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    GM Food: Don't Ask, Don't Tell?

    Just over half of Americans
    say they wouldn’t buy a food they knew was genetically modified. Another 87 percent
    say they want to see GM labels at the grocery store. That’s one reason why Connecticut’s
    recent failure to require labeling
    is so surprising, says Treehugger. Now, genetically-modified
    food is controversial among consumers, farmers, and scientists, and it’s difficult
    to find a consensus on GM benefits and risks. The World Health Organization,
    for instance, while noting some potential human health hazards like gene
    transfer, maintains GM
    safety is a case-by-case issue

    But the biggest opposition
    in Connecticut
    didn’t come from scientists. The reason the bill failed appears to be pressure
    from Monsanto, which reportedly threatened state legislators with legal action.
    This was the
    same tactic
    that got a GM labeling provision thrown out in Vermont last
    month, as the one thing cash-strapped states don’t need is a big lawsuit.

    Back in 2007,
    then-candidate Obama said he supported labeling requirements for GM foods. But
    after years of silence and a high-profile
    national campaign
    last fall to get action from Washington (and another
    earlier this year), many states have taken matters into their own
    hands. Mostly, it’s been slow going. In Minnesota,
    a bill requiring labels failed in
    . Legislators voted
    a similar bill in Washington
    state recently, reportedly after facing pressure from, you guessed it, Monsanto
    and other biotech firms.

    But in California, voters have the ability to
    bypass their legislature in statewide ballot initiatives. Last week, they filed
    almost a million signatures to do just that, and this November, a GM labeling
    requirement will be on the ballot. The campaign took a
    swift ten weeks
    , says MarketWatch,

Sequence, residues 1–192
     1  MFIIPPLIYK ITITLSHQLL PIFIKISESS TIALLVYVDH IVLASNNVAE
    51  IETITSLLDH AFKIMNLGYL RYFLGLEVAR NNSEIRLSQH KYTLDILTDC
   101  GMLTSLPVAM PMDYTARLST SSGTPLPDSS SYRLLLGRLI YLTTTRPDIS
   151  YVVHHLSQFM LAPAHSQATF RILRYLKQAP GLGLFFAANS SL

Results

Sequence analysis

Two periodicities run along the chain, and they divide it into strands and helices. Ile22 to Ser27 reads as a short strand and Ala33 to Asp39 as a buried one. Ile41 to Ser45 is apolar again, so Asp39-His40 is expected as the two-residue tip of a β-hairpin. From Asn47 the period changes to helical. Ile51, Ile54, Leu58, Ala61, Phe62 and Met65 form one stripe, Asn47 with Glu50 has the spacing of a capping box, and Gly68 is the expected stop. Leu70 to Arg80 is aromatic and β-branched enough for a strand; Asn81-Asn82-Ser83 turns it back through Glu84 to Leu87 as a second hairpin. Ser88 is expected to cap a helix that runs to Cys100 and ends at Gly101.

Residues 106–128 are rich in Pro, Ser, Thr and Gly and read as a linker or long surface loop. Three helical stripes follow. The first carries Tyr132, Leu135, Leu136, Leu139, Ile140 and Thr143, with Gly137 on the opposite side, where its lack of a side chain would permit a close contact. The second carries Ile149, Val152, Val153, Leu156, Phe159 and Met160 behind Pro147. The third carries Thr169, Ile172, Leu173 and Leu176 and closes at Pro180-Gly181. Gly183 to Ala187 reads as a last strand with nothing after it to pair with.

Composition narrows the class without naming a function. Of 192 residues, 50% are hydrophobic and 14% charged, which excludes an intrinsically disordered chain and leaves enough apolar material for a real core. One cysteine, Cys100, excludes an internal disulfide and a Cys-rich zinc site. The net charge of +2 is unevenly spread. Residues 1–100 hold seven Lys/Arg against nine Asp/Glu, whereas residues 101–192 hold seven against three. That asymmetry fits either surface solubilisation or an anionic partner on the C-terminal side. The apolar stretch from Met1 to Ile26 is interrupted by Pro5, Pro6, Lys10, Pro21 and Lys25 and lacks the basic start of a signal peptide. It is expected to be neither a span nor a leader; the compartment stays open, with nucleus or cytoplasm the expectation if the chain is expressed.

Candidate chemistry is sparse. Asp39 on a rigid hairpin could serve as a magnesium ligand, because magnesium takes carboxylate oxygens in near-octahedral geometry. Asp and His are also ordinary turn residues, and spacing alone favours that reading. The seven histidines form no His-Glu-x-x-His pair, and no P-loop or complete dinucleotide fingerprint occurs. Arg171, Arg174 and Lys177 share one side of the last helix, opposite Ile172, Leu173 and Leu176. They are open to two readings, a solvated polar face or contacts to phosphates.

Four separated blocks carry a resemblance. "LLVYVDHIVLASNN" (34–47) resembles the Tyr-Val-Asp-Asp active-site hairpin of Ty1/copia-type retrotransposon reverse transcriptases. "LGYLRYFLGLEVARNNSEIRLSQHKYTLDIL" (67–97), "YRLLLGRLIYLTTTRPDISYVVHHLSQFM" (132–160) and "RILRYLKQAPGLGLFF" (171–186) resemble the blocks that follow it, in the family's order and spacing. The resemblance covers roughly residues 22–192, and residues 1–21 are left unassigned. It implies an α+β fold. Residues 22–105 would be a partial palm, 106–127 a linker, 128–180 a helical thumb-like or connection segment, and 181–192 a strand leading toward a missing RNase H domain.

and culminated in rallies across the state. Given that a clear majority of
    Californians support the initiative, it seems likely to pass.

    What happens in the rest
    of the country is less certain. Even as state activists and legislators debate
    GM safety and labeling, the Department of Agriculture is set to approve a new
    GM corn crop which poses potential health hazards to farmers and consumers. The
    crop is resistant
    to a herbicide called 2,4-D
    , a chemical now used on golf courses to kill
    large weeds, reports Huffington. 2,4-D,
    an active ingredient in Agent Orange, has been linked to health problems like
    cancer and birth defects, but now may coat millions of acres of modified corn. GM
    safety may be a case-by-case question, but many
    scientists are concerned
    about this one.

    And for the USDA, and Obama,
    all this is nothing new. According to the San
    Francisco Chronicle
    , the department hasn’t
    denied approval
    for a GM crop since they began appearing in the mid-1990s. Last
    year, after Ag Secretary Tom Vilsack got cold feet about a White House plan to
    allow unrestricted GM alfalfa, he fell
    back in line almost immediately
    . The reason, says Tom Philpott in Grist, was almost certainly political
    pressure from an administration with strong ties to agribusiness and biotech.

    Even if states like California can enforce
    labeling requirements, changing how we grow food to reflect people’s
    concerns about GM is much more difficult. What all this means is that GM
    skeptics have an uphill battle, not just from big chemical companies or
    inactive state legislatures, but also from the federal government.  

    Image by Darwin Bell,
    licensed under Creative

    Sources: Treehugger,
    , Grist,
    Consumers Association,
    Francisco Chronicle

    Published on May 8, 2012


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